We have a diverse base of more than 180,000 customers, and our top 10 customers accounted for approximately 4% of our 2016 Fiscal Year net sales, with no single customer accounting for more than 2% of net sales. Our typical customer is a private landscape contractor that operates in a single market. We source our products from more than 2,500 suppliers, including the major irrigation equipment manufacturers, turf and ornamental fertilizer/chemical companies and a variety of suppliers who specialize in nursery goods, outdoor lighting, hardscapes and other landscape products. Our strong supplier relationships support our ability to provide a broad selection of products at attractive prices. We also develop and sell products under our proprietary and market-leading brands LESCO and Green Tech, which together accounted for approximately 19% of our 2016 Fiscal Year net sales. We believe these highly-recognized brands attract customers to our branches and create incremental sales opportunities for other products.
We hired Doug Black as our Chief Executive Officer in April 2014. Since joining SiteOne, Mr. Black has strengthened the capabilities of our executive leadership team by bringing in highly-qualified senior managers with functional expertise in strategy development, mergers and acquisitions, talent management, marketing, category management, supply chain management, national sales and information technology. Under Mr. Black’s leadership, we have established a focused business strategy to further develop and attract industry-leading talent, deliver more value to customers, generate superior financial performance, drive organic growth, execute on attractive acquisitions and increase working capital efficiency. We are also undertaking a variety of initiatives targeting pricing, category management, sales force performance and supply chain management. At the local level, we have increased our focus on gaining market share by adding capabilities to our 50 geographical areas and 469 branches and by empowering area managers and their teams to develop local strategies. These initiatives are in the early stages of implementation, and we believe they will continue to enhance our growth and profitability.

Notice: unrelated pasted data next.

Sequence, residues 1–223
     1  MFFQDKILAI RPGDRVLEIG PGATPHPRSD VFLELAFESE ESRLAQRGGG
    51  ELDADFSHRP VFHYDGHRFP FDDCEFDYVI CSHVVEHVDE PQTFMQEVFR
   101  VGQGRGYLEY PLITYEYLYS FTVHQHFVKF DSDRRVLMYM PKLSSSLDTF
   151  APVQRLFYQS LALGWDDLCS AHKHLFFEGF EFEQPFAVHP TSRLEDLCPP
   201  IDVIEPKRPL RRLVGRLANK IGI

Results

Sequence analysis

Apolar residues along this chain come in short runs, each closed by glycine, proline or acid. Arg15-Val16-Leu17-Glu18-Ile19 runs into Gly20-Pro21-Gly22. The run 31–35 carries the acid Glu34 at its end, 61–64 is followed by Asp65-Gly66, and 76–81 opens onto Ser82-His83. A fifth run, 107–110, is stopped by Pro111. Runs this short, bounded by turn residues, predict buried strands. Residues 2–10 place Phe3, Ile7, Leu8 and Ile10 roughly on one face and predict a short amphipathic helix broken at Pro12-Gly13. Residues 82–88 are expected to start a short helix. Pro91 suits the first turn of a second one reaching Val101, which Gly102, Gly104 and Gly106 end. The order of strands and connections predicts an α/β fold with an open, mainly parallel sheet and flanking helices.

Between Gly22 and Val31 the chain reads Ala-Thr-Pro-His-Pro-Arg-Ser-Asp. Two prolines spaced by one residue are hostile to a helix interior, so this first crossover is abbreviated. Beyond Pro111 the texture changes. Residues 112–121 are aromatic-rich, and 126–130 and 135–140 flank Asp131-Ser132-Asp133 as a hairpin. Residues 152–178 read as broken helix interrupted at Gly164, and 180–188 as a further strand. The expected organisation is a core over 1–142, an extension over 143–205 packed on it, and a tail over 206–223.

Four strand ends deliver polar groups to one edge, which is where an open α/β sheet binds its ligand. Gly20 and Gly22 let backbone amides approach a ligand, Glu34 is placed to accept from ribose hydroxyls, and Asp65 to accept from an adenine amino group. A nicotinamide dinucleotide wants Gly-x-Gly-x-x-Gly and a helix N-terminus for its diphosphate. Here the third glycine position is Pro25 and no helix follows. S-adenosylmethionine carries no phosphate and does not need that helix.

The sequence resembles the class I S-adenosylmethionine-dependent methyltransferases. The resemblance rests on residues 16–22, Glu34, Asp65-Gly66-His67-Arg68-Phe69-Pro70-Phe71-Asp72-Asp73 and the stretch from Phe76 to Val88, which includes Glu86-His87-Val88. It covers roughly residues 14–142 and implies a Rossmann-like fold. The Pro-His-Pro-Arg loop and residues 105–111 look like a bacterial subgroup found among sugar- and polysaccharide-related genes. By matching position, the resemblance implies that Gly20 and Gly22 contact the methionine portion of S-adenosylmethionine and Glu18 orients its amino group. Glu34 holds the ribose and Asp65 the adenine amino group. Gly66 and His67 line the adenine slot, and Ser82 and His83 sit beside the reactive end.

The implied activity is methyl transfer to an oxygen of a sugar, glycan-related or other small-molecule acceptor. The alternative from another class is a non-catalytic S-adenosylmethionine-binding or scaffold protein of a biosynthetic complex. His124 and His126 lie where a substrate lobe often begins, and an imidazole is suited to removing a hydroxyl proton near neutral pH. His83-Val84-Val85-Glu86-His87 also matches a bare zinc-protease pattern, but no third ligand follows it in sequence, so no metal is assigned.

CD&R Acquisition

Holdings indirectly owns 100% of the membership interest in Landscape Holding. Landscape Holding is the parent and sole owner of SiteOne Landscape Supply, LLC (referred to in this report as “Landscape”). Prior to the CD&R Acquisition described below, Deere & Company (“Deere”) was the sole owner of Landscape Holding.
On December 23, 2013 (the “Closing Date”), the Company acquired 100% of the ownership interest in Landscape Holding from Deere in exchange for common shares of the Company initially representing 40% of the outstanding capital stock (on an as-converted basis) plus cash consideration of approximately $314 million, net of pre-closing and post-closing adjustments. In order to facilitate the transaction, the Company issued cumulative convertible participating redeemable preferred stock to Clayton, Dubilier & Rice, LLC (“CD&R”) for total consideration of $174 million initially representing 60% of the outstanding capital stock (on an as-converted basis). As part of the same transaction, Landscape Holding also acquired from Deere the affiliated company LESCO, Inc. (“LESCO”). The Company continues to be the sole owner of Landscape Holding.
Initial Public Offering
On May 17, 2016, we completed the IPO at a price to the public of $21.00 per share. In connection with the IPO, the CD&R Investor and Deere together sold an aggregate of 10,000,000 shares of common stock. The underwriters also exercised their option to purchase an additional 1,500,000 shares of common stock from the CD&R Investor and Deere, at the public offering price less the underwriting discounts and commissions. The CD&R Investor and Deere received all of the net proceeds and bore all commissions and

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discounts from the sale of our common stock. We did not receive any proceeds from the IPO. On the day prior to the closing of the IPO, all of our then-outstanding Preferred Stock converted into shares of common stock, resulting in the issuance by us of an additional 25,303,164 shares of our common stock. The conversion of Preferred Stock is accounted for from the date of conversion and is not retroactively adjusted in our financial statements and related notes included in this Annual Report on Form 10-K.
Secondary Public Offering
Holdings registered on behalf of certain stockholders the offering and sale of 9,000,000 shares of common stock, as well as 1,350,000 shares of common stock sold to the underwriters pursuant to an option to purchase additional shares. On December 6, 2016, the selling stockholders completed the offering of 10,350,000 shares of common stock at a price of $33.00 per share. Holdings did not receive any of the proceeds from the aggregate 10,350,000 shares of common stock sold by the selling stockholders.